The Center understands systems thinking especially when it comes to the impact of policy on people’s lives and how people can impact policy. My 1985 summer reading pile included Wheels of Fortune, a Center critique of subsidies for growing corn in the Sandhills, sinking big pivots into the aquifer to do it, and Who Will Sit Up with the Corporate Sow, a 1974 report correctly predicting the devastating economic and environmental impacts of vertical integration and corporate concentration on hog farmers, their communities, and our environment. The Center’s analysis game is still strong, but equally important is their continued focus on helping individuals and communities build their policy and community advocacy skills. Recently, I visited the Center’s website and counted 11 staff members with “policy” in their titles and another 3 with “community organizing” in theirs. That’s some serious policy and skill building energy. I bet if I asked any of those 14 to find places where policy and grassroots advocacy could make a difference in Angeline’s life, they’d come up with the ones I’ve identified and then a bunch more. For example:
Why doesn’t Angeline’s family have enough money to pay for school breakfast but also too much to not qualify? That’s federal policy, budgetary choices by her school district (which in Nebraska could be a possible outcome of LB 753 that funnels public money into private schools), and economic development choices that don’t invest in her community. Why can’t Angeline learn real history about her people in her classroom? That’s state policy—and a misinterpretation of its regulatory requirements by her local school leadership and teacher. What’s up with that CAFO and its infernal trucking? I’m thinking county and state policy levers could be pulled, as well as federal farm policy subsidizing the whole damn thing.
The Center for Rural Affairs nurtures and empowers communities of freethinkers. Let’s face it. It can be hard and lonely to live in rural communities and work for something different from what the Chamber of Commerce and Farm Bureau would have us all do. You need people in your corner who can be romantic and pragmatic. Romantic enough to truly appreciate the beauty of where we live and the poetry and wonder of a natural system that converts sunlight into plants and grasses that hold the earth together, nurture a mind-blowingly complex soil system and feed animals that end up as tasty Kleinschmit beef on my plate. But, pragmatic enough to understand that farmers, ranchers, rural people and their families must make enough money to stay on their land and in their communities, to not just survive, but thrive. And, oftentimes that means those romantic pragmatists—or freethinkers as I like to call them—need to create their own economic development and other pathways. Now, who are they going to talk about that with? This could be a stereotype, but likely not the folks at the convenience store coffee klatch. They can talk about their visions and aspirations with people from the Center—but even better, with people they meet through the Center.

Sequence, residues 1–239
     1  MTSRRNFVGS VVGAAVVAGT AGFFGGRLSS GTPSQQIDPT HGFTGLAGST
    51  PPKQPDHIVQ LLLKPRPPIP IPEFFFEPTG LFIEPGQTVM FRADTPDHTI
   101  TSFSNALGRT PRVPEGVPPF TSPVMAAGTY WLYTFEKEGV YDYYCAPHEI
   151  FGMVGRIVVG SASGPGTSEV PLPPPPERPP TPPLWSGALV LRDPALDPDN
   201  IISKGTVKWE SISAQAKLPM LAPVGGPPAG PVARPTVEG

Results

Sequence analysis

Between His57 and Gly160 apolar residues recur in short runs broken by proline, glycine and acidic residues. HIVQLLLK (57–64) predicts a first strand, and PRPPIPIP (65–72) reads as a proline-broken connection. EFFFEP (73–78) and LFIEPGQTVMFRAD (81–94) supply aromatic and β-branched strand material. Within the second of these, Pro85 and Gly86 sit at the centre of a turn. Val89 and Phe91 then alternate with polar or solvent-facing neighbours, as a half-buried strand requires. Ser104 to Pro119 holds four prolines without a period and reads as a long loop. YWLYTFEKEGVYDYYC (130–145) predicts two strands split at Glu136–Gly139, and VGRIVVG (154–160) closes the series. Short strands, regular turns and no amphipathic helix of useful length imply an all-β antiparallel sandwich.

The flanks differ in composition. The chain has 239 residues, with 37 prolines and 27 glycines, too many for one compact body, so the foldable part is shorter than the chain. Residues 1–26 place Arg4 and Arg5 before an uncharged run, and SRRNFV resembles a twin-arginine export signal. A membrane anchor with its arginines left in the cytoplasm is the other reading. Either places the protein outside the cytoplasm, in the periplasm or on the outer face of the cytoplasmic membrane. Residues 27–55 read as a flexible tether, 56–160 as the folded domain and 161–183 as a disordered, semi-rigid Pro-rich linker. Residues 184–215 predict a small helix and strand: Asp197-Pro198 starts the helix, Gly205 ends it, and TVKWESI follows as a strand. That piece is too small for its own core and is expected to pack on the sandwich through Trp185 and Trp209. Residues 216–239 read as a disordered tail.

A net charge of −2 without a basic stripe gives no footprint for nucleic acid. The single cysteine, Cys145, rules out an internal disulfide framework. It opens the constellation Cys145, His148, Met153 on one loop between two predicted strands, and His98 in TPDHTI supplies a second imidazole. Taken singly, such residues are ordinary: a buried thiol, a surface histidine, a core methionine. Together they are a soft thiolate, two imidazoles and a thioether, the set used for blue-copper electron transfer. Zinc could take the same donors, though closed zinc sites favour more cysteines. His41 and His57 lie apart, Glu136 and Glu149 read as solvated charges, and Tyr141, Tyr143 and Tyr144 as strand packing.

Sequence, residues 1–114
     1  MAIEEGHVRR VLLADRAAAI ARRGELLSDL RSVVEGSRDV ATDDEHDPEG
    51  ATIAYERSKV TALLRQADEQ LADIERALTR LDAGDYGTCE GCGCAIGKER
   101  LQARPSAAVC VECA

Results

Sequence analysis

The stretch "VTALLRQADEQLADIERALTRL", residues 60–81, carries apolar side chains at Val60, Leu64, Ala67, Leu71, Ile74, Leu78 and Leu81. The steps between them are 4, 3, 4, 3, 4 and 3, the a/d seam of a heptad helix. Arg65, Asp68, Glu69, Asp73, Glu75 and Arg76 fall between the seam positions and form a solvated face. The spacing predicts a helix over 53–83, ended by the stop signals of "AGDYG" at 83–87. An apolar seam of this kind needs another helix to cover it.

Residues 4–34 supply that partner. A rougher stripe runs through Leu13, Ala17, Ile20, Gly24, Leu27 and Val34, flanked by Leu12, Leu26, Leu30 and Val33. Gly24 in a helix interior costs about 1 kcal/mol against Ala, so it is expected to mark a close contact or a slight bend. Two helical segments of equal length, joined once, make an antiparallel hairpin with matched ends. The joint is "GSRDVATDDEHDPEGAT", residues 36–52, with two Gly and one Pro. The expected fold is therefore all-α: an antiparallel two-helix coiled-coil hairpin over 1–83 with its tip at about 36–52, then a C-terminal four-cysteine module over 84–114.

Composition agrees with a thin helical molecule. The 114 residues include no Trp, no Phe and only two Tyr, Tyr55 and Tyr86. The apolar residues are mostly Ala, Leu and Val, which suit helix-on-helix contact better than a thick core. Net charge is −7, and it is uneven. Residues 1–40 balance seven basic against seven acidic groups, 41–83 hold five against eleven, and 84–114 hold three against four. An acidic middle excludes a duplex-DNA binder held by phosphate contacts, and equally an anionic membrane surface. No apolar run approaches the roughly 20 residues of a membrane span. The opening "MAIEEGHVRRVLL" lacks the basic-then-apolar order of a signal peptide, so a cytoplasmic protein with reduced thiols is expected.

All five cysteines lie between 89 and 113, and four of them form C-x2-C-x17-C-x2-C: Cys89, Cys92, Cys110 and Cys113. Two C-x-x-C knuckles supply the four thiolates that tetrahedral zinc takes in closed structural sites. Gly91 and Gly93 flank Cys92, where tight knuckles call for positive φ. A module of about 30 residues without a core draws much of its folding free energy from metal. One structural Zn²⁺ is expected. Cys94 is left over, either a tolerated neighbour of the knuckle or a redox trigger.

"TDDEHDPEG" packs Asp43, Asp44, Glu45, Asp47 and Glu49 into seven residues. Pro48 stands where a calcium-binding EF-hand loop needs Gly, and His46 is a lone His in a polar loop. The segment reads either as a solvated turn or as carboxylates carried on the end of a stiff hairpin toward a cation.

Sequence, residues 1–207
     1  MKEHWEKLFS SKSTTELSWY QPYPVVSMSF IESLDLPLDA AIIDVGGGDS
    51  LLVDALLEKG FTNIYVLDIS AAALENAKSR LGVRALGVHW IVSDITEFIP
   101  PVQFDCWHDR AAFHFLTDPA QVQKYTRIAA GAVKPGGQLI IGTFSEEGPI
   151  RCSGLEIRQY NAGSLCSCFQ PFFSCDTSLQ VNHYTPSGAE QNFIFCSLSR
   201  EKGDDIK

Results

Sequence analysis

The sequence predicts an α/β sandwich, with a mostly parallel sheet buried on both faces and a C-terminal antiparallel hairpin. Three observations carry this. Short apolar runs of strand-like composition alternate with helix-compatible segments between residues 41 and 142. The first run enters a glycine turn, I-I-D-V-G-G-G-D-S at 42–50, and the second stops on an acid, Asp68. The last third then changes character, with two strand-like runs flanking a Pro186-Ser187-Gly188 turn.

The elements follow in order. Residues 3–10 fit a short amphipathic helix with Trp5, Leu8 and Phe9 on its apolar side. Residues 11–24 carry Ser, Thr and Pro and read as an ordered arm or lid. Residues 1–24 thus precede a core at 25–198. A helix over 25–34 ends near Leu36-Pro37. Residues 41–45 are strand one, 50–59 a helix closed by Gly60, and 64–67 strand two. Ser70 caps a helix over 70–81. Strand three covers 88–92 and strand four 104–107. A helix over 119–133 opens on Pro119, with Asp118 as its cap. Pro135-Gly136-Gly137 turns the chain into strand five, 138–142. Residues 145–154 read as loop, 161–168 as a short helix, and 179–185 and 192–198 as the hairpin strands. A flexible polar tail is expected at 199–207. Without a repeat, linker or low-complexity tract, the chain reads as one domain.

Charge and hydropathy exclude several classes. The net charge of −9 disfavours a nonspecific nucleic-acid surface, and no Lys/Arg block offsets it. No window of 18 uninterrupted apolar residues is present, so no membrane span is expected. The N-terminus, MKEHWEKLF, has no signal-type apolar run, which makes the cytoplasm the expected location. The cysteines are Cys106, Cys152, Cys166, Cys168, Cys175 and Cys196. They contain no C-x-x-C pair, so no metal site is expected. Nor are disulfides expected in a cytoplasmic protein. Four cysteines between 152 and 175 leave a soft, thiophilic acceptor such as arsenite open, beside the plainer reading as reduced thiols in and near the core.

The Center’s webpage and all its branding says it is “unapologetically rural.” I agree. On an occasion or two during these 50 years, the Center has been criticized for playing in someone else’s sandbox when starting initiatives or working on new issues. The response? RURAL is our sandbox. It goes back to systems thinking, doesn’t it? The Center’s mission says: Establish strong rural communities, social and economic justice, environmental stewardship, and genuine opportunity for all while engaging people in decisions that affect the quality of their lives and the future of their communities. The end. Full stop. That’s a big sandbox. Notice that it doesn’t say the work is for and with just some people in rural communities—it’s with all. The Center’s programs specifically include old and young farmers, rural entrepreneurs, youth, women, Native people, and newcomers to rural areas whether they are from other countries or first-generation farmers making their way from urban areas in the U.S. The Center is forward thinking, not locked into a specific, likely inaccurate, image of what a rural community should be or look like. Rather, it is shaped by the people who live there—who co-create it with their neighbors, past and future. Mission clarity and understanding that things grow and change has helped the Center move successfully through leadership and other transitions—not something every not-for-profit organization can claim.
To sum up, I donate to the Center for Rural Affairs not because I grew up with it, though that was lovely, but because in its 50 years, it’s shown me it is a good investment aligning with my personal and professional values. The Center knows that systems impact people and helps people impact systems, it nurtures communities of freethinkers who are dreaming of and creating a better future and supports and encourages healthy and inclusive rural communities. That is my kind of organization and my kind of people. Thank you for the work you do, and here’s to another 50 years.
Feature photos: Top: Julia visits with Center Board President Dennis Demmel and her mom, Linda. Bottom: Julia speaks at the event. | Photos by Kylie Kai